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Monday, May 16, 2011

Apple, iCloud and iTunes - Predictions

Apple is much expected to make an announcement next month that they're releasing a cloud based music service a la Amazon Cloud Drive and Google Music.  Much of what I've heard from others is speculation that they're going to release a competitor to those serices directly, a "music locker"  where you uplaod music that you already own to their servers are are able to stream it directly to your device.  While possible, I think they are going to release something of the same vein but drastically different.

If you look at the headlines, one thing is immediately obvious, record labels are unhappy with Google and Amazon.  They want in on the cloud based music streaming business as much as anyone, making absurd claims that streaming your own song from someone elses computer consitutes a public performance among other things.  Google and Amazon launched their services anyways, not worrying about any potential repercussions with the record labels (a good decision if you ask me).  Apple on the other hand is stil in talks with 2 of the record companies, but why?  Surely if they were announcing a cloud based locker service there's no reason to really get the approval of the record labels...

We speculate that Google's negotiations with the recording industry fell apart when trying to negotiate a deal to stream music purchased through Google Music to users from a single copy of the song hosted on Google's servers. Therefore with a little bit of extrapolation, it's not hard to imagine thats where Apple is held up as well.  So... if Apple is making that a core part of their business model then my prediction is that Apple is trying to make a cloud based service where they host only one version of the song....and everyone streams that one version that they've purchased through iTunes, foregoing the music locker concept altogether.

So a few people I've mentioned this to said they wouldn't use the service if Apple did this but if you think about it, Apple has every reason to only offer this service. No huge bandwidth requirements for people uploading 200 days of music, way less space required on the server side and perhaps most importantly Apple gives you yet another reason to buy things through iTunes. With tight integration into iOS and iTunes, Apple could make this offering seem pretty lucrative albeit restrictive.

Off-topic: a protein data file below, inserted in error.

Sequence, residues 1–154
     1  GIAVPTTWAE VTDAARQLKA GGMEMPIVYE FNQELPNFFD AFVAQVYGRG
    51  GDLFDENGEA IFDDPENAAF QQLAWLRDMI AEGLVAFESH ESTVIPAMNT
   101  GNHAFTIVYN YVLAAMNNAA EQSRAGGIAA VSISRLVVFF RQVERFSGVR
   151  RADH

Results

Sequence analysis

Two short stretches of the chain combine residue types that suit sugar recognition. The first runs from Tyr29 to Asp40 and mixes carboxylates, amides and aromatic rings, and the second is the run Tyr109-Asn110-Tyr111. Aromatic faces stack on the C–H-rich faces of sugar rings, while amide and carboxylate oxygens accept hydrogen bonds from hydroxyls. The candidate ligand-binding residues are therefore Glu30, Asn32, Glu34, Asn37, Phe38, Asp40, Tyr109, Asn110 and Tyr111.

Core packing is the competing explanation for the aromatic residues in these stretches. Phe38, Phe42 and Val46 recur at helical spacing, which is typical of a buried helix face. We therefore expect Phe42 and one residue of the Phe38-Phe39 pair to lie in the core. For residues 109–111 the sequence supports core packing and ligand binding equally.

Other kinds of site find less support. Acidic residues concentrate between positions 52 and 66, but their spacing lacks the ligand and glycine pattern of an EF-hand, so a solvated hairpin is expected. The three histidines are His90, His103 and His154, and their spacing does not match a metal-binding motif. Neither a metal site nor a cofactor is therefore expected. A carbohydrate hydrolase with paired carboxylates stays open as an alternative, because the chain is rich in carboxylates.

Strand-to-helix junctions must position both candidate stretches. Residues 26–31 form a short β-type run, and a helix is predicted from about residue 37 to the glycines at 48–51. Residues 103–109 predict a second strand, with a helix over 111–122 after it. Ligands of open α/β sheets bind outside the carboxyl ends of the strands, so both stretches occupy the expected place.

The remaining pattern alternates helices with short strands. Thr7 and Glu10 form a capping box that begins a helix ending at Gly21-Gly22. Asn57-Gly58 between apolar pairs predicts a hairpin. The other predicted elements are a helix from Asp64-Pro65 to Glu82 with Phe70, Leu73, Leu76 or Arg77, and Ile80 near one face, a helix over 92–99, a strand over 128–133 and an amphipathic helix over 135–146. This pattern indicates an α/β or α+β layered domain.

What do you think?

2 comments:

  1. It seems a little strange to me that music services have balked so much at the idea of the cloud-based locker service. It provides such an amazing opportunity for copy control and identifying illegal copies of songs in other people's libraries, while making it easier than ever for the user to have legal copies of the music.

    Consider that each music file is a little different, whether it be from DRM like iTunes has traditionally used, or because your CD drive ripped your music a little differently. If you took a fingerprint of each file, you could easily identify duplicated music if two people uploaded the same file to a locker. There are, of course, other ways to get media, like DRM-free downloads, where exact duplicates might be legally possible. However, these could be screened out by simply having those fingerprints on file. Also, you could be required to show proof of purchase for media from these sources (perhaps just a link in to your amazon account, for example).

    With a little imagination, it would be so easy to make these services very productive for both the user and the album industry. Such a shame the label companies seem to be unable to see these opportunities for what they are, instead of just being so fearful of more illegal music sharing. Instead, we are going to see yet another deal with Apple requiring user's to be locked into an ever-expanding hell of Apple's substandard yet overpriced software and devices.

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